Supporting your staff and the public with their mental health

Supporting your staff and the public with their mental health

13 May 2019

We know that around one in four people will experience a mental health problem in any one year – and yet the shame and silence can be as bad as the mental health problem itself. How staff in retail places approach mental health can change someone’s life, whether they’re a work colleague or a member of the public.


Here we outline a number of ways in which centre managers and staff can help.


  1. Learn some key facts about mental health problems which may help staff to feel more confident about talking and listening and not jumping to the wrong conclusion about a person’s behaviour. More information can be found on the Time to Change website.

  2. Be open about mental health with both staff and the public. This doesn’t have to be awkward – asking someone how they are can make a huge difference to their lives. When someone is asked how they are, they often say they’re fine when they may not be, so it can be helpful to ask twice. You don’t have to be an expert to help support someone who opens up about their mental health, just follow these five simple steps:
    a) Take it seriously
    b) Listen and reflect
    c) Ask questions
    d) Don’t try and fix it
    e) Build your knowledge.

    More information on the five steps can be found here

    This video by Time to Change helps to explain why our attitudes matter. 

  3. Time to Change is a campaign that helps to open up the conversation around mental health across communities, education and the workplace. As part of the campaign, Time to Change champions who have personal experience of mental health bring people together to help encourage conversations about mental health. You could arrange activities with champions or a local Time to Change Hub in your own retail place to help raise awareness of mental health. You would also be providing a place where members of the public and staff are able to speak to someone with lived experience of mental health. You could ask a local mental health organisation such as Mind, Rethink Mental Illness or the Samaritans to set up a stand or organise an event or activity in the centre as part of your community activities.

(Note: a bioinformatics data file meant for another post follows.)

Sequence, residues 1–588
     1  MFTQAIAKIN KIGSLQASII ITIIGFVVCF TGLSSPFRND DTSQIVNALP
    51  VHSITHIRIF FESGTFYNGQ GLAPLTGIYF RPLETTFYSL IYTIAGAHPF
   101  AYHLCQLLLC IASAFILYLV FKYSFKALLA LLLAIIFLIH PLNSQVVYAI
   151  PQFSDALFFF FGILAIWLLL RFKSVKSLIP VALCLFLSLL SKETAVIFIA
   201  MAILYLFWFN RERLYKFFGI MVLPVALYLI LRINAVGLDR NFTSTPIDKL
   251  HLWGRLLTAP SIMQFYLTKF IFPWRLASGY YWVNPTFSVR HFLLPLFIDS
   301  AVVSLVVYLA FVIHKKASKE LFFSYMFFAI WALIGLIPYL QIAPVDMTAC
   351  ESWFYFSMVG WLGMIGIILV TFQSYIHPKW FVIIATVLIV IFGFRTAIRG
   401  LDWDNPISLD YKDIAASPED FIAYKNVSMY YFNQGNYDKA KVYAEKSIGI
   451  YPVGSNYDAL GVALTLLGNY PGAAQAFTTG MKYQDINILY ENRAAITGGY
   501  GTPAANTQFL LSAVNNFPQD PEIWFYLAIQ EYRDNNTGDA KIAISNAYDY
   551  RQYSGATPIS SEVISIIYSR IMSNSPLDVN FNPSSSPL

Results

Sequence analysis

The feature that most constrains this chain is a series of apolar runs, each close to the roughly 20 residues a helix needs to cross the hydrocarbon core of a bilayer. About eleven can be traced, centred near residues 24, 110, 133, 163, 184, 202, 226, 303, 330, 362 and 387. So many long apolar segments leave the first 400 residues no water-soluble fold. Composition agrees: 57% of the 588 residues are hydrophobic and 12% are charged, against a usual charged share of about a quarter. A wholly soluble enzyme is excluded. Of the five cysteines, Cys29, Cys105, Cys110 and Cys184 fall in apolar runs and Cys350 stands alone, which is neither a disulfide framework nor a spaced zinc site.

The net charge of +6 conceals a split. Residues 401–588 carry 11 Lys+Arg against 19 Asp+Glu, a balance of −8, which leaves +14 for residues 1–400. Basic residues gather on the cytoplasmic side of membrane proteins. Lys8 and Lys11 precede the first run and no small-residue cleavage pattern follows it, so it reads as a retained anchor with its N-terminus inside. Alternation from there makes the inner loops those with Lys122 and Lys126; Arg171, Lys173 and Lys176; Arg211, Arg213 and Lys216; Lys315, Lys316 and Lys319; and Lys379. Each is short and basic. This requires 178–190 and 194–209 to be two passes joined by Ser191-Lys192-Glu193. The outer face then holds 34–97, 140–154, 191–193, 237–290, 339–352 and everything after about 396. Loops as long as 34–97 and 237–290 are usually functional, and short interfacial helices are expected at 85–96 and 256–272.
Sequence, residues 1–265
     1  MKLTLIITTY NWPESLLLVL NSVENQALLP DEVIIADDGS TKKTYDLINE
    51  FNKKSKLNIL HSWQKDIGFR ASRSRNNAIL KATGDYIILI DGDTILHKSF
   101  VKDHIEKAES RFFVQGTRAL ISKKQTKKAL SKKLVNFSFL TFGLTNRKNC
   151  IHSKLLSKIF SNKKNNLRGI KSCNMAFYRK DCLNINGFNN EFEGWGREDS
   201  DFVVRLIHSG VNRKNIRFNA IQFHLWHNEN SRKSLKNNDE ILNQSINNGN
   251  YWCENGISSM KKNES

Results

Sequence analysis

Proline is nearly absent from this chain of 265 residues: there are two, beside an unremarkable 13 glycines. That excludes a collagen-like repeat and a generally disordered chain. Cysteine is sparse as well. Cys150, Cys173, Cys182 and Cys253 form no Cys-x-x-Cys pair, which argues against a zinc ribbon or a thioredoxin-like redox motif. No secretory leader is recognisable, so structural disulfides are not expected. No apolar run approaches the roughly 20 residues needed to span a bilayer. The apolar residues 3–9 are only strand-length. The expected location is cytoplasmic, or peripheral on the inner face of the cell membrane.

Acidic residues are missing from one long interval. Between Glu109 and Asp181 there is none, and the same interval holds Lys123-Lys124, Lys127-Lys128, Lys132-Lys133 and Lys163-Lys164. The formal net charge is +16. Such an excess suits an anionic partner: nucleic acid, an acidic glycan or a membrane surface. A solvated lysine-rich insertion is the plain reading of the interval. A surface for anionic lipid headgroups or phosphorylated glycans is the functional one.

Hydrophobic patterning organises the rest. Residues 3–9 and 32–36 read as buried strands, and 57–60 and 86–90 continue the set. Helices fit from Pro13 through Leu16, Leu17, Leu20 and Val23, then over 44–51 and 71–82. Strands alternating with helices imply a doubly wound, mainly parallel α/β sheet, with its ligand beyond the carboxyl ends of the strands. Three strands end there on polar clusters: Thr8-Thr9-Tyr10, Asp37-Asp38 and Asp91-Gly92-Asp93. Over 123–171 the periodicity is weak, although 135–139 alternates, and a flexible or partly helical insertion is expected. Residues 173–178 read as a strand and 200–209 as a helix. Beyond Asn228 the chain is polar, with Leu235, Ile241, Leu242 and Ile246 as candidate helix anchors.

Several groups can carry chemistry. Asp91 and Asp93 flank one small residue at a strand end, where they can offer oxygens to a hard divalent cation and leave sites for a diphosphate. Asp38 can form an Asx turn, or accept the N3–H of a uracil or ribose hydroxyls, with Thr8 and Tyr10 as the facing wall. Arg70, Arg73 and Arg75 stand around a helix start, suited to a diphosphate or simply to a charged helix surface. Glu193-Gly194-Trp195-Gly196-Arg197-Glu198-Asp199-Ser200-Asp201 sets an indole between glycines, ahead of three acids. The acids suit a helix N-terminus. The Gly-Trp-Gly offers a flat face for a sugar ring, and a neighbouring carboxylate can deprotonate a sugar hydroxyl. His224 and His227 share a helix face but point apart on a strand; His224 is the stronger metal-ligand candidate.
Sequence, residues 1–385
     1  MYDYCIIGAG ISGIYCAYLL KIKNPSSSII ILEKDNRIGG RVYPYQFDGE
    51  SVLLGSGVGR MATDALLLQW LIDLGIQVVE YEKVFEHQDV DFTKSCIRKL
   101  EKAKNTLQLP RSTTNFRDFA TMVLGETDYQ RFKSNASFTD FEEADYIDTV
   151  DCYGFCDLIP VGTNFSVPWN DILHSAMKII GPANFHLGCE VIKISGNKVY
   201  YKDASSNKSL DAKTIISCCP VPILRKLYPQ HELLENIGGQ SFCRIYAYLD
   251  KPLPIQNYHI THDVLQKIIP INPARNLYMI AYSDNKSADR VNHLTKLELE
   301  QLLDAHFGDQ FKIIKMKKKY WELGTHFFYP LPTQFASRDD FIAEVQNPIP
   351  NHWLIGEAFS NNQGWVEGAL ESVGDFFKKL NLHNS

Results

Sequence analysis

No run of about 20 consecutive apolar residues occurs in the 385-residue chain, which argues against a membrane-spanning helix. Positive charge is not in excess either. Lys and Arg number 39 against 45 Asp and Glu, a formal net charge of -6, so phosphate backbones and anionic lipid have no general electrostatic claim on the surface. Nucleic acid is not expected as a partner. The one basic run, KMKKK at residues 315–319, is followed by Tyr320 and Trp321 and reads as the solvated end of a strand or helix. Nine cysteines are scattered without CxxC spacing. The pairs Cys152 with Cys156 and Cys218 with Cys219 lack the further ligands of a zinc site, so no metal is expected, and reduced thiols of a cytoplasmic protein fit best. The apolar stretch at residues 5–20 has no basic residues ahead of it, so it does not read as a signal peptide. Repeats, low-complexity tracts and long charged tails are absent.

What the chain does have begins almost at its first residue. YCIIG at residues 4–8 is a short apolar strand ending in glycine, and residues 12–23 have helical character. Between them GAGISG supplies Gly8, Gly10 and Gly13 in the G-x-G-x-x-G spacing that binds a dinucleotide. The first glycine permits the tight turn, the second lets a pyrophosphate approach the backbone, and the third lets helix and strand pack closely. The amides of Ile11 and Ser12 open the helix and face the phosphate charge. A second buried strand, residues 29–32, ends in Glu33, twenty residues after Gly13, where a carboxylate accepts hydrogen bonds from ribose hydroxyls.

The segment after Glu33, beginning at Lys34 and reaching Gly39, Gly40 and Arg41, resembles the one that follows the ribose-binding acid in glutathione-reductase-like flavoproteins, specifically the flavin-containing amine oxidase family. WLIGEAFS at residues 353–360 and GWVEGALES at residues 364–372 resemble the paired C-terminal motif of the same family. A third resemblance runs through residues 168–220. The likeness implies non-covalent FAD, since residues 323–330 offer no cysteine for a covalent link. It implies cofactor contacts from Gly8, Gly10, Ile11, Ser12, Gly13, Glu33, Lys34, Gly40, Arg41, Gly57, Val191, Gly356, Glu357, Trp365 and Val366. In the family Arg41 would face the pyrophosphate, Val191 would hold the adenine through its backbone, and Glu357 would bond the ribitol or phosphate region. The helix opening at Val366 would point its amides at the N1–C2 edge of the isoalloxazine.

4. You could sign the Time to Change Employer Pledge. The Pledge is a public commitment to end stigma and discrimination around mental health and when you sign, you demonstrate your commitment to change how your workplace thinks and acts around mental health to ensure that any employees who are facing these problems feel supported. Over 1,000 employers including key retailers such as WH Smith have already signed.
  5. There are many mental health resources on hand to support both your workplace and the public in retail centres, including:

    a. Mind
    b. Mental Health that Works
    c. Samaritans